Rahul Sharma (Editor)

.250 3000 Savage

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Type  Rifle
Designer  Charles Newton
Manufacturer  Savage Arms Company
Place of origin  United States
Designed  1915
Variants  .250 Ackley
.250-3000 Savage

The .250-3000 Savage is a rifle cartridge created by Charles Newton in 1915 and is also known as the .250 Savage. The name comes from its original manufacturer, Savage Arms and the fact that the original load achieved a 3000 ft/s (910 m/s) velocity with an 87 grain (5.6 g) bullet.

Contents

Background

Charles Newton designed the 250-3000 Savage case to fit the popular Savage Model 99 lever-action rifle. Newton recommended loading 100 grain (6.5 g) bullets at 2800 ft/s (850 m/s); but Savage Arms reduced bullet weight to obtain velocity of 3000 ft/s (910 m/s), making it the first American cartridge capable of that velocity. Achieving that velocity may have been the reason for the choice of the light-for-caliber 87 grain (5.6 g) bullet. Newton questioned if the publicity advantages of velocity compensated for reduced penetration of the lighter bullet in larger game animals.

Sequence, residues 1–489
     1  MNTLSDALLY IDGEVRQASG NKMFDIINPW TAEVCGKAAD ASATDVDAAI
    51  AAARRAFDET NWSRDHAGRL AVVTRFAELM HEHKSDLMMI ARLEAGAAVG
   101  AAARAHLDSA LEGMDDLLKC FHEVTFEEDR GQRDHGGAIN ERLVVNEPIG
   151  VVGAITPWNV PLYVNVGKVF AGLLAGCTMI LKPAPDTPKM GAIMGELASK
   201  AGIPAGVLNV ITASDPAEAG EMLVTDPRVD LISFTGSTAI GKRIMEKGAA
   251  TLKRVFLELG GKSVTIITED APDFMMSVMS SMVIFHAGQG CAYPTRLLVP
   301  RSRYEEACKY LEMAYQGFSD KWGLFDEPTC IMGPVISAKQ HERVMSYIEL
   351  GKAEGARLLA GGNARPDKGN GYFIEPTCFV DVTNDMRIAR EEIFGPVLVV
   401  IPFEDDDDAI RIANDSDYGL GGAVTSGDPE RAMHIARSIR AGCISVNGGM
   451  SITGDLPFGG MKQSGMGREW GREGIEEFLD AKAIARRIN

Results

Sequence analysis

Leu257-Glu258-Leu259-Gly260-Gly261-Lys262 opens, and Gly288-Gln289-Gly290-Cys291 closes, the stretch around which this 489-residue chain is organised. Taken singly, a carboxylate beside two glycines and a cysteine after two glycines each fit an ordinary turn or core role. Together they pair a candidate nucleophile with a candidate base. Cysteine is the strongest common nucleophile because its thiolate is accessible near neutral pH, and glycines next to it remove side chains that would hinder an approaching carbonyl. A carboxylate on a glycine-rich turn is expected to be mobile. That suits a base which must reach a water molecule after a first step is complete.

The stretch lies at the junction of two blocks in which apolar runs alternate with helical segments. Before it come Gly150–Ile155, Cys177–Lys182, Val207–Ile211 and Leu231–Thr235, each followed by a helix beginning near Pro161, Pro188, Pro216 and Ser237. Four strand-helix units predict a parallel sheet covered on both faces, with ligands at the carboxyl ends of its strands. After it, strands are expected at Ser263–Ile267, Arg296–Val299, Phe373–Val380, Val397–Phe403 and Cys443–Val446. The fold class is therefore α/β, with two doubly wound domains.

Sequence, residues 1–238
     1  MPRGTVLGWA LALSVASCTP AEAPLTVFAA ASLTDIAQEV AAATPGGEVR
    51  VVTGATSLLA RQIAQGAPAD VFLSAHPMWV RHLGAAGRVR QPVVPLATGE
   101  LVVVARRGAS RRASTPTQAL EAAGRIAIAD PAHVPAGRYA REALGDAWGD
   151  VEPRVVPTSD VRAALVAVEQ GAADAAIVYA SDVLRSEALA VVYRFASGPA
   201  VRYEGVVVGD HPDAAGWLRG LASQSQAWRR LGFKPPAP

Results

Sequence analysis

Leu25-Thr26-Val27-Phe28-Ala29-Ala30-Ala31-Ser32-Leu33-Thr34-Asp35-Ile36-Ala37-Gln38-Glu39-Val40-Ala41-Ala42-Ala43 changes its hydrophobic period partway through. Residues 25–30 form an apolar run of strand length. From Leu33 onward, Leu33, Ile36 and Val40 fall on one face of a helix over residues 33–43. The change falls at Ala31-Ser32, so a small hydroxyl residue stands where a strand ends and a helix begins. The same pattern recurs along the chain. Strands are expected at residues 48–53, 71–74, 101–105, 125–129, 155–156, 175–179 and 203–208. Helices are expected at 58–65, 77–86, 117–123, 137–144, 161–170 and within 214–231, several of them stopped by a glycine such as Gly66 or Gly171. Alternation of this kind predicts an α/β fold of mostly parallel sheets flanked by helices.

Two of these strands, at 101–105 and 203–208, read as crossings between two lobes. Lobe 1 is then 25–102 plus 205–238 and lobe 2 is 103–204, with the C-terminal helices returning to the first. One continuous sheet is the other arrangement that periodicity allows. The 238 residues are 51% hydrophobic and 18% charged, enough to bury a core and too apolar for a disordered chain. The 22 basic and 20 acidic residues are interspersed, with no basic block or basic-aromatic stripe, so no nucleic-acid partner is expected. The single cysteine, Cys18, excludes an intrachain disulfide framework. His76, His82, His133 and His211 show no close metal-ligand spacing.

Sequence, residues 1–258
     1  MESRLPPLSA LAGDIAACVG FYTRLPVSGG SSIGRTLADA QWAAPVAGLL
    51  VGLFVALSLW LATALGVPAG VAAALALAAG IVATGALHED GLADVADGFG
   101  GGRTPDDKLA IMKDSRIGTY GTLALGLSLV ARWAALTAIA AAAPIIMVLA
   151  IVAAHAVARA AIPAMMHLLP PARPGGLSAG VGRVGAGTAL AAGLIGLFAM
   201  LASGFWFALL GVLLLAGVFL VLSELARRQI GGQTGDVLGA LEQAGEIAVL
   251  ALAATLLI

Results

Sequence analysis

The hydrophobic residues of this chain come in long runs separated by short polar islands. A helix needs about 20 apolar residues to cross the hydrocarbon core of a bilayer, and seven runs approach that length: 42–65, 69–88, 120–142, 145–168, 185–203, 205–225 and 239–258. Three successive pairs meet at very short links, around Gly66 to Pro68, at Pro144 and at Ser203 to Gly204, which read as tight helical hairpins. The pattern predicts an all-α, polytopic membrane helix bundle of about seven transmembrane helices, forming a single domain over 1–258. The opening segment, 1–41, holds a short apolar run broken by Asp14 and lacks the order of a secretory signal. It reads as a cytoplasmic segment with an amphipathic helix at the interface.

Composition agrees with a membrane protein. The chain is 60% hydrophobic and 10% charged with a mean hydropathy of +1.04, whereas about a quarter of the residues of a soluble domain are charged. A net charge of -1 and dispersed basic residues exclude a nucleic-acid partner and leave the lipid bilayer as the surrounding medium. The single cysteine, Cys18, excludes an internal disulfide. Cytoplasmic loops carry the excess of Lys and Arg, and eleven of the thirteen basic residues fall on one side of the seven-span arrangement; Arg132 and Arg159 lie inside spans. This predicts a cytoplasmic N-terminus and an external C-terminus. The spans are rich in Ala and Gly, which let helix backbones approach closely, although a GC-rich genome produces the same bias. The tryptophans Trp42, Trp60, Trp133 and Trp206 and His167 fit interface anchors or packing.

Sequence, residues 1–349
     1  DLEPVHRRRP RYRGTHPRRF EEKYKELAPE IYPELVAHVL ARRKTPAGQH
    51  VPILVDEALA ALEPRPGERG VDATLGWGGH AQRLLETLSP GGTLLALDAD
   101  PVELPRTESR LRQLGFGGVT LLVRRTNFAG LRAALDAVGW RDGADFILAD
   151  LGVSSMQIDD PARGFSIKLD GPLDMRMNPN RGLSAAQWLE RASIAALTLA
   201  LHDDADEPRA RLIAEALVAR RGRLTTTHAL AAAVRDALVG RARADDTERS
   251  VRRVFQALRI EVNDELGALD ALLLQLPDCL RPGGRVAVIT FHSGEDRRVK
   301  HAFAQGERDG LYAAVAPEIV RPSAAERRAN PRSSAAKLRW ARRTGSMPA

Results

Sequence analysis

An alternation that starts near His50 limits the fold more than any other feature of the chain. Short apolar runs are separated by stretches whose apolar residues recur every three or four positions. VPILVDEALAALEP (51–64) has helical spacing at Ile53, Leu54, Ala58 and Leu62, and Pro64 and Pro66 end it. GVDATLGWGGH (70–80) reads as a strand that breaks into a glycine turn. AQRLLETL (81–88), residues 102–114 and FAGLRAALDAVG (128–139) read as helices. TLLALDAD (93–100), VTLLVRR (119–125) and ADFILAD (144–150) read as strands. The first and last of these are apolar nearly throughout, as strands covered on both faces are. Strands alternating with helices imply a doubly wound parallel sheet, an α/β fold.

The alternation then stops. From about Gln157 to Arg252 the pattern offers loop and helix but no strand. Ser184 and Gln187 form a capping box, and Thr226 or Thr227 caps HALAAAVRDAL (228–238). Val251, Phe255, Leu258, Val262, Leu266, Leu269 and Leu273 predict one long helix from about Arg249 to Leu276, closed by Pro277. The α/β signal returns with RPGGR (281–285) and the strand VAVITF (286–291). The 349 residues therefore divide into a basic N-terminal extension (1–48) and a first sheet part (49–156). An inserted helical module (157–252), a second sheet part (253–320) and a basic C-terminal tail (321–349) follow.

The cartridge has a pressure limit of 45,000 CUP set by SAAMI. It lacks the power of the bigger .25-06 Remington but provides less noise and less recoil. Performance is very close to the .257 Roberts. Arguably it is a better overall cartridge for hunting than the more popular .30-30, but in recent years has lost ground to the .257 Roberts and flatter-shooting 6mm cartridges such as the .243 Winchester.

Currently there are very few new firearms being made in .250 Savage. It is an excellent cartridge with moderate recoil for hunting small game on up to deer-sized game.

Variants

Some varmint hunters use the improved version of this cartridge, known as the .250 Ackley or .250 Improved or .250 Ackley Improved as a dual-purpose intermediate-range cartridge. The .250 Ackley is the same basic cartridge with a steeper shoulder and with the sides blown-out or straightened to increase powder space. This provides a velocity improvement of more than 250 ft/s (76.2 m/s) over standard factory loads.

References

.250-3000 Savage Wikipedia


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